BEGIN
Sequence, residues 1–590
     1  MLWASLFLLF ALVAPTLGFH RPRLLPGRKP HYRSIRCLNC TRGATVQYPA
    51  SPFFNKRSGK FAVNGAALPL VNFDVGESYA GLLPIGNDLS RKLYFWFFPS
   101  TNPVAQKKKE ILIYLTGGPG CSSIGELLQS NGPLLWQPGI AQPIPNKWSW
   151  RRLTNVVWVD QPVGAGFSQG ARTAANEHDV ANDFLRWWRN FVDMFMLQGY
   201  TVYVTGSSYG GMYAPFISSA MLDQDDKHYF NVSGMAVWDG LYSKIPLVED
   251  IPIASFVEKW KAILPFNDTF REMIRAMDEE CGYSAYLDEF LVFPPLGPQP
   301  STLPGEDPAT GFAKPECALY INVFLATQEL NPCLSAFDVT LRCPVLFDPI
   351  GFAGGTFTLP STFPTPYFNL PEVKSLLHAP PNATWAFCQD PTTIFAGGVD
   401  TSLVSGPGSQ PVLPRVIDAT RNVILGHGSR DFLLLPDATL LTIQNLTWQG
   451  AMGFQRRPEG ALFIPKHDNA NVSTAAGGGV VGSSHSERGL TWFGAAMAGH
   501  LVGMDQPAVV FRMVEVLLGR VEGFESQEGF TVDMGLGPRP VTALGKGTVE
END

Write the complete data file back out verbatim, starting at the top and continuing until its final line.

Sequence, residues 1–590
     1  MLWASLFLLF ALVAPTLGFH RPRLLPGRKP HYRSIRCLNC TRGATVQYPA
    51  SPFFNKRSGK FAVNGAALPL VNFDVGESYA GLLPIGNDLS RKLYFWFFPS
   101  TNPVAQKKKE ILIYLTGGPG CSSIGELLQS NGPLLWQPGI AQPIPNKWSW
   151  RRLTNVVWVD QPVGAGFSQG ARTAANEHDV ANDFLRWWRN FVDMFMLQGY
   201  TVYVTGSSYG GMYAPFISSA MLDQDDKHYF NVSGMAVWDG LYSKIPLVED
   251  IPIASFVEKW KAILPFNDTF REMIRAMDEE CGYSAYLDEF LVFPPLGPQP
   301  STLPGEDPAT GFAKPECALY INVFLATQEL NPCLSAFDVT LRCPVLFDPI
   351  GFAGGTFTLP STFPTPYFNL PEVKSLLHAP PNATWAFCQD PTTIFAGGVD
   401  TSLVSGPGSQ PVLPRVIDAT RNVILGHGSR DFLLLPDATL LTIQNLTWQG
   451  AMGFQRRPEG ALFIPKHDNA NVSTAAGGGV VGSSHSERGL TWFGAAMAGH
   501  LVGMDQPAVV FRMVEVLLGR VEGFESQEGF TVDMGLGPRP VTALGKGTVE